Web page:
And, yes, the Danes led (well, once you discount the small Estonians) in how much they bled, with Canada second, UK third, US fourth.  What do they share in common?  Willingness to serve in south/east.  To repeat, casualties were a function of where one was willing to serve and how they served--caveat variance is what shaped the fatalities outcomes.

After I said that I had done some correlation tests and found none for caveats and public opinion, Roland's big move is to follow my instructions and build a two by two:
He chose to add the percentages of fatalities/population and Afghan commitment/size of military to get high or low on one dimension and public support on the other.  And it looks good for his argument--that UK and Poland were outliers with low/low and high/high serving as the primary axis of the relationship.  So, should I submit to Roland's argument?  Nah, that would make for a boring post.  I think there are a few key things to say about this two by two:
  1. I still have no idea what size of contingent/size of military says about willingness to fight..  Again, Italy and Germany and Spain did not need to reinforce and send more troops since they were not as pressured as other places.  The first two still had the third and fourth largest contingents and agreed to lead 1/4 of the country each (RC-W and RC-N).  They committed a whole lot despite weak support at home.  The denominator may also be deceptive because size of military and what is actually deployable are two different things.  Every country had to sustain their force, and a larger force would be harder to sustain.  Italy and Germany stayed the entire time unlike the Canadians and Dutch who look good in these figures but left combat before everyone else.   Finally, I am also not sure adding the two %'s make sense (reviewer #3 would hate it).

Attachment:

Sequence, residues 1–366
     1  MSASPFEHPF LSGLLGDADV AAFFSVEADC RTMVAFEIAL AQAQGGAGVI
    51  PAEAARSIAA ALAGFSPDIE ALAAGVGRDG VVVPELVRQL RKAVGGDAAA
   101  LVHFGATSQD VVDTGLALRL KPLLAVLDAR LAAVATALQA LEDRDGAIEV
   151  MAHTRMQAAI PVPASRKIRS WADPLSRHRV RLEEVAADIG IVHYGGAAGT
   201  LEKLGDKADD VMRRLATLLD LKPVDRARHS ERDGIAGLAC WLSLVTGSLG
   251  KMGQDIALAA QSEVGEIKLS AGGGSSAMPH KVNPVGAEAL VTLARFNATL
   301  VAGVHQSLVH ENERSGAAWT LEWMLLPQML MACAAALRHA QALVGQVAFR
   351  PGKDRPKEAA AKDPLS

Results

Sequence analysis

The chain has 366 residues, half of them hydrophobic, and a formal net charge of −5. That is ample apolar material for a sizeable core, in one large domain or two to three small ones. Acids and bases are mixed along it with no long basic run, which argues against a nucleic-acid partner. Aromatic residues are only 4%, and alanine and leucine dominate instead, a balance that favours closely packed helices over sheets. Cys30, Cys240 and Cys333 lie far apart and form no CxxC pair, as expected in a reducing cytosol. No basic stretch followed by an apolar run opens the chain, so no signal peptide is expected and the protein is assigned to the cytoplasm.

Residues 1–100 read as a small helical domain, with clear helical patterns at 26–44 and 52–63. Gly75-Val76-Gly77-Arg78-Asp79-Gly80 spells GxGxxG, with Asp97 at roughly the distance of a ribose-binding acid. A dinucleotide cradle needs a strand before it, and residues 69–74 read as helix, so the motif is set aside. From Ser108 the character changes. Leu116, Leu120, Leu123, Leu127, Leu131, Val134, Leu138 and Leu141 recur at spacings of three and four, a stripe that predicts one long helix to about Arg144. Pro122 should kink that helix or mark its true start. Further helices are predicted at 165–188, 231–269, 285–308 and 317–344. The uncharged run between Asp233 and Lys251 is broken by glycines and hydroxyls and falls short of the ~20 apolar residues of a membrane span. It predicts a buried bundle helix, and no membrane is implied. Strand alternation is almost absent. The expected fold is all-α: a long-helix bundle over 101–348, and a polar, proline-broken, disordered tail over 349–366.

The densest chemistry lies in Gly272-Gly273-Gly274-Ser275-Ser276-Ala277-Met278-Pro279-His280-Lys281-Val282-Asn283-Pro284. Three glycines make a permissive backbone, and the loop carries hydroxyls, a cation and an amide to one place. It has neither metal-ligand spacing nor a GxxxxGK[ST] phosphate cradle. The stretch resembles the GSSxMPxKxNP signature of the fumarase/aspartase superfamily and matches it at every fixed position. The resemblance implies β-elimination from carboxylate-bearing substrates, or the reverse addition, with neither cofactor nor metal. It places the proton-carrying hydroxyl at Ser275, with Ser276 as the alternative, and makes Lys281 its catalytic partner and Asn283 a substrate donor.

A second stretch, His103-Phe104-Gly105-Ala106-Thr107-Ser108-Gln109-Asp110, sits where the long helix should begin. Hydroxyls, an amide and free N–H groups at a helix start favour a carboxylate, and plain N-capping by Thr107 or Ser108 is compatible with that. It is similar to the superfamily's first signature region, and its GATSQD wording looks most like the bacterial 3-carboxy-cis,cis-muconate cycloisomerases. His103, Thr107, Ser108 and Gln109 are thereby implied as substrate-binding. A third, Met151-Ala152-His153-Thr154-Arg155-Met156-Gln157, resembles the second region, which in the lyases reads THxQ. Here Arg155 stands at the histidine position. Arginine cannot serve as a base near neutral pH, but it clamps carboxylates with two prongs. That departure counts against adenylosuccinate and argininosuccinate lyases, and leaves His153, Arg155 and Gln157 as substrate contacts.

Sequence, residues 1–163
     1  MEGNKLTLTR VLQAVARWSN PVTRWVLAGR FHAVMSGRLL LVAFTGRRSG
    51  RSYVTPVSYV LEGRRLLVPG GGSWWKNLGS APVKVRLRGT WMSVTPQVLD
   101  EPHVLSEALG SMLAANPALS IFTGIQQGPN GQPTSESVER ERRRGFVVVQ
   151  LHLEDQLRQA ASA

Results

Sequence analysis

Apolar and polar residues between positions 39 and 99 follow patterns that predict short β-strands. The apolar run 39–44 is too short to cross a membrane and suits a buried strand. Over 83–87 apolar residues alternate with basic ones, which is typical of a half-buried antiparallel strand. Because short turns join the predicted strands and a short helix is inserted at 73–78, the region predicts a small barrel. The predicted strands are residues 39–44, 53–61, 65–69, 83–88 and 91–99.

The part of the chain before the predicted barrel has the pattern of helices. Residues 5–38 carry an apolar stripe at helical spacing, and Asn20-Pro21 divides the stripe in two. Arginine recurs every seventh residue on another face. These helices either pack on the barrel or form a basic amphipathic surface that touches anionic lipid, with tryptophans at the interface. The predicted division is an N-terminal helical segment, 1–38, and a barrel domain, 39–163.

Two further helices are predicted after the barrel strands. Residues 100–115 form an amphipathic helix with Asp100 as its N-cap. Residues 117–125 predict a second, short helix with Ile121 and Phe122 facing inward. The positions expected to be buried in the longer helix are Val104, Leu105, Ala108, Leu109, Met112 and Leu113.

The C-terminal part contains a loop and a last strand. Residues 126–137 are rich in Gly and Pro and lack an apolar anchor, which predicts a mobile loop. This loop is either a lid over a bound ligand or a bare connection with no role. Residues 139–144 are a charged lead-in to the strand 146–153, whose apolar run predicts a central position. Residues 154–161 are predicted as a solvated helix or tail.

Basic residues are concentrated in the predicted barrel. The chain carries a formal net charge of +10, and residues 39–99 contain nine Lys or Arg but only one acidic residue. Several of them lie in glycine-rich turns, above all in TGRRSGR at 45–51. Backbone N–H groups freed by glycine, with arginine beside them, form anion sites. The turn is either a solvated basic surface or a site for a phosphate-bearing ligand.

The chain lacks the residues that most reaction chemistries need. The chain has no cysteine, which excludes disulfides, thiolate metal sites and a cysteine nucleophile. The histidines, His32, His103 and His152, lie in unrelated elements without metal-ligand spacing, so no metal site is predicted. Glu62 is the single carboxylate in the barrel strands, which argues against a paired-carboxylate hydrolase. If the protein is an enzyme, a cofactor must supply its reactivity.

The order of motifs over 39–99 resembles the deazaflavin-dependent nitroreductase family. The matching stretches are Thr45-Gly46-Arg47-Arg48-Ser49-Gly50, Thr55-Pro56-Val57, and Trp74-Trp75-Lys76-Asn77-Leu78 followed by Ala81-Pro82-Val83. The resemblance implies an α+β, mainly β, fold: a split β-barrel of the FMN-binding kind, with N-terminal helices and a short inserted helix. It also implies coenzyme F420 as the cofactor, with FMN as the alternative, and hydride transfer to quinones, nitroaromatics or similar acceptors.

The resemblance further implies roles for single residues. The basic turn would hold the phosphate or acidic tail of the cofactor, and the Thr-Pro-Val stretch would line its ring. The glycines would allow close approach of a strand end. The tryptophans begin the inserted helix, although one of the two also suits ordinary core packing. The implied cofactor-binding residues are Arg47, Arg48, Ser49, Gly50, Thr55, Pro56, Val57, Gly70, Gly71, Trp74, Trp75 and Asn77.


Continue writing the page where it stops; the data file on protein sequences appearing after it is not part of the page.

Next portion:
2. Again, the basic reality was that most countries reduced their restrictions and became more willing to fight as the conflict continued and as public opinion went down.  It is hard to square that dynamic reality with the idea that public opinion served as a major brake.  France's willingness to fight changed dramatically in 2007 when a bitter Chirac (still miffed due to the US invasion of Iraq) was replaced by the NATO fan Sarkozy.  So, I would code France differently depending on the time frame.
  3. Roland set high and low of public opinion at 40% which is a mighty low threshold for "high public support."  Set it five points lower and nearly everyone is high.  Set it five points higher, and Canada is in the wrong box.  More importantly, what Roland considers to be high is actually mostly lower than the public opinion on the Pew survey that started this conversation.  That is, using Roland's standards, the "weenies" include only one country below 40%: Germany.  Which is a bit of a problem.  Still, Germany's attitude about using force to defend an ally that is attacked (however it is worded) is actually pretty damn close to what its attitude was during the Afghanistan war--where the Germans remained even after nearly everyone has left.  
The point again is that NATO countries were willing to fight and die in a place that no one cared about, where Article V was only loosely attached.  NATO's history shows that its members dig in and stay resolved when the alliance itself is threatened--Bosnia 1995, Kosovo 1999.  If an ally were attacked by Russia (well, maybe not Turkey), it would compel each leader to ponder whether they want to break NATO and face a revanchist Russia alone.  Their publics might not be enthusiastic, but as Sarah Kreps would point out, the political vulnerability would be low if politicians across the spectrum agreed to the same stance.  Still, I have been and will continue to ask for real commitments of real troops and not just bases and based materials to demonstrate to both Russia and the allies that an attack on the Baltics would mean war between NATO and Russia.